Train operators would also sound their own horns, letting people know the train was coming. The crossing did not have any kind of fencing or bar that came down to prevent crossing the tracks, or any attendants.
The two-ton tally-ho made its way down Merrick Road and proceeded to cross the train tracks. It was right in the middle of the track when a train came out of nowhere and hit the rear wheel of the coach.
The coach and the men and women on board went flying. The tally-ho was crushed and broken apart, with pieces of wood and iron flying, along with the bodies.
Later, the driver of the coach, McCormick, would testify that the bell that was supposed to warn of an approaching train never sounded. He also said he never heard the train ring its own warning, either. Because of the bushes, he didn’t see the train until it was about 40 feet from him, at which time he tried to get the coach off the tracks.
The train engineer saw the coach at the same time and tried to stop, but couldn’t. He clipped the back wheel, causing the tally-ho to flip into the air, flinging people right and left. The shattered pieces of the wood and steel coach became missiles.
One of the young men on the coach, 18-year-old Harry S. Lewis, was at the very top of the tally-ho. He was the only one to see the smoke trail of the engine and yelled for everyone to jump.
But no one heard him in the noise of the group’s fun and laughter and the blowing horns. With only seconds to spare, he tried to pull the girl next to him off the coach.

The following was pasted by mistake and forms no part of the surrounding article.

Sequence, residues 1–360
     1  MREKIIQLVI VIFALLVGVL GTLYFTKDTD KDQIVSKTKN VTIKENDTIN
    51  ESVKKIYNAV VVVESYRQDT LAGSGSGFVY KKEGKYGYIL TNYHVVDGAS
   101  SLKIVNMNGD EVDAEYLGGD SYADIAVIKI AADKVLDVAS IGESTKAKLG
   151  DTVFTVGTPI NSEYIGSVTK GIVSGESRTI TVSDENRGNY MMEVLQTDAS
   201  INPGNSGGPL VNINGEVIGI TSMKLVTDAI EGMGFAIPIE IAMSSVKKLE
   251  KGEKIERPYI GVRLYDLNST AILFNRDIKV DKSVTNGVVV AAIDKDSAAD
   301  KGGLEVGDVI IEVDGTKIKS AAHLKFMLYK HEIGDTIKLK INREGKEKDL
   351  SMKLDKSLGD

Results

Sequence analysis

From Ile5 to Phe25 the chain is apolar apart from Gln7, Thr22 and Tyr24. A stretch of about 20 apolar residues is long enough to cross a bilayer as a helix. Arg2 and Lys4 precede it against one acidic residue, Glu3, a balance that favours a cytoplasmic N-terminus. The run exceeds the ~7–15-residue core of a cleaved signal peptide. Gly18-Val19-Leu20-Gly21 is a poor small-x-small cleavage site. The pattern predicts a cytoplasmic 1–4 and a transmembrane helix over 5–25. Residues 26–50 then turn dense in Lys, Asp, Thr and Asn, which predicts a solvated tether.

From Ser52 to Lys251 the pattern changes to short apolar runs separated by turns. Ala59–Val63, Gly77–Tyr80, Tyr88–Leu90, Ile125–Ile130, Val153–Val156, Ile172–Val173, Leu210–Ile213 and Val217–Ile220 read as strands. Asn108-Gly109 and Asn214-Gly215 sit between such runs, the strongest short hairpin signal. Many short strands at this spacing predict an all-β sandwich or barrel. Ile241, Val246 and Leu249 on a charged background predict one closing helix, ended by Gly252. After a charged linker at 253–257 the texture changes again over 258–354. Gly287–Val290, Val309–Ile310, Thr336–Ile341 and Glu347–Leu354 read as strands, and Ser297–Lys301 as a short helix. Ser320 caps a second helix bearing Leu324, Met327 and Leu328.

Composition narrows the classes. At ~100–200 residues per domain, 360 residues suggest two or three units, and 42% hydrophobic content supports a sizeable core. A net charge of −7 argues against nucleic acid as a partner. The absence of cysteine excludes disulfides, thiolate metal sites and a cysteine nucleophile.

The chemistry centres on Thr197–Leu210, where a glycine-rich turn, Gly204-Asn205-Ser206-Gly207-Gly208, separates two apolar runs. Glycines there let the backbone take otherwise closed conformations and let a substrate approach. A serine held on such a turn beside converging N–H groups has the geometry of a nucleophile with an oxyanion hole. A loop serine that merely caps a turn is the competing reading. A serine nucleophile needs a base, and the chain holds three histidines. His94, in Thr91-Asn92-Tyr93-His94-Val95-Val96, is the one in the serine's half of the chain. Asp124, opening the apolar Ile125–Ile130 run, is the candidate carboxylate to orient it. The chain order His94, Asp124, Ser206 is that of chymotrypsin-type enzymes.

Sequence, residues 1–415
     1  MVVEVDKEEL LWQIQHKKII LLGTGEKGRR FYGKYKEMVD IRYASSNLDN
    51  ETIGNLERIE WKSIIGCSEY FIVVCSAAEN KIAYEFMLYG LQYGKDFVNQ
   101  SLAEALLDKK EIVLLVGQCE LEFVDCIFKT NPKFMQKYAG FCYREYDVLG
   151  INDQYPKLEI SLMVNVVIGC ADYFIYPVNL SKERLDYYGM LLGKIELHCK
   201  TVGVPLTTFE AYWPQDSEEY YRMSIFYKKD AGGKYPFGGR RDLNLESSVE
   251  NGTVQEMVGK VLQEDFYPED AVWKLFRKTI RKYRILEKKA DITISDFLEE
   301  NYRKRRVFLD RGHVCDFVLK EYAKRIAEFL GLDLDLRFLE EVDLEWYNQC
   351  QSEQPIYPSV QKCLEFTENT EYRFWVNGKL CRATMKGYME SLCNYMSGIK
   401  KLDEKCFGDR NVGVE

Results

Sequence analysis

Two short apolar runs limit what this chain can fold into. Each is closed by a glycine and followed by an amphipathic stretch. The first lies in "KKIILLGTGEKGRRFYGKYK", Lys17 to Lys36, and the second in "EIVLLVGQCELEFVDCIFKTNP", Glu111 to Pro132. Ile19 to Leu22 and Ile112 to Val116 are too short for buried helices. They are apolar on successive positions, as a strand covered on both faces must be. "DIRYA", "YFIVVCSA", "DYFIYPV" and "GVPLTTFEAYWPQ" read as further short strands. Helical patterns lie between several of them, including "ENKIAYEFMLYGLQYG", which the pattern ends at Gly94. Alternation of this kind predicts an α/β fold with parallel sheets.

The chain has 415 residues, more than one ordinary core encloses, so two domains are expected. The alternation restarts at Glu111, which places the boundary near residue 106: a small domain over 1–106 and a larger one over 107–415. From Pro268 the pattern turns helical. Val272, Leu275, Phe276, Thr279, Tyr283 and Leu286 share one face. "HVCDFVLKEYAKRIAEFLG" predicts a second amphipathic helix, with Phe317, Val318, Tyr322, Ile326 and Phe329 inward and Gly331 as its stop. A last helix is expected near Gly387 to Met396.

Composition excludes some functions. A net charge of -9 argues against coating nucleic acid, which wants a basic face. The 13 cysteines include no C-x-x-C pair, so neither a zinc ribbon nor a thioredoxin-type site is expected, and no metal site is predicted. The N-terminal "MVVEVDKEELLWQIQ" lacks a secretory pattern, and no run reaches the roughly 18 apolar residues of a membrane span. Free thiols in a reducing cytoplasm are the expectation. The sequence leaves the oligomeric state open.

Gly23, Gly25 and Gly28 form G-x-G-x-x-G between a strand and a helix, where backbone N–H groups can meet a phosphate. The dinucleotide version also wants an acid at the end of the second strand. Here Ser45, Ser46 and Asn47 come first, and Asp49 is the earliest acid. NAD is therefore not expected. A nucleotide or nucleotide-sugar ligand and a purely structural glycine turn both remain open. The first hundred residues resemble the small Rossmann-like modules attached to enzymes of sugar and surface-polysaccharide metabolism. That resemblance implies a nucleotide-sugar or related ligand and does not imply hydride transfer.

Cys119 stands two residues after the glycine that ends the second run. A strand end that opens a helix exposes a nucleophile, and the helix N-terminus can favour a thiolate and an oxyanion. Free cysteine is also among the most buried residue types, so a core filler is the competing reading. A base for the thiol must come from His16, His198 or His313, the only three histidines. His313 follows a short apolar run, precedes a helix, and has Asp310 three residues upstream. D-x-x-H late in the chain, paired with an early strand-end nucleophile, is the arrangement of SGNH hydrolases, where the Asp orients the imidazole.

He wasn’t strong enough, she didn’t understand what he was trying to do, and his momentum caused him to fall off right before the train smashed into the tally-ho. He saw his older brother die, and his companions crushed and maimed.
When the dust settled, bodies of young people and the remains of the coach were scattered on the track and in the surrounding area. Astonishingly, the team of horses was unhurt and just standing there, waiting for someone to take care of them. But the tally-ho was a blood-covered wreck.
Four boys and one girl were dead at the scene. Another boy died before he could be taken to the hospital. At least 20 other tally-ho passengers were seriously wounded, and several of those were not expected to survive.
The cyclists in the group looked on in horror at the scene. Some of them rode to nearby homes and businesses to get help. Of all of the people on the tally-ho, only two were not injured at all, including Harry Lewis. He and others rushed to help whomever they could.
The girl Harry had tried to help, a Miss Stewart, was lying in the dirt, her clothes completely ripped off. She was screaming in pain. He and his friend covered her with something and moved on.
They found Lawrence Barnes, the boy who had rented the coach, in a muddy pool of water, which had broken his fall. He was face down, unconscious but alive. They pulled him out, made sure he was breathing and moved on.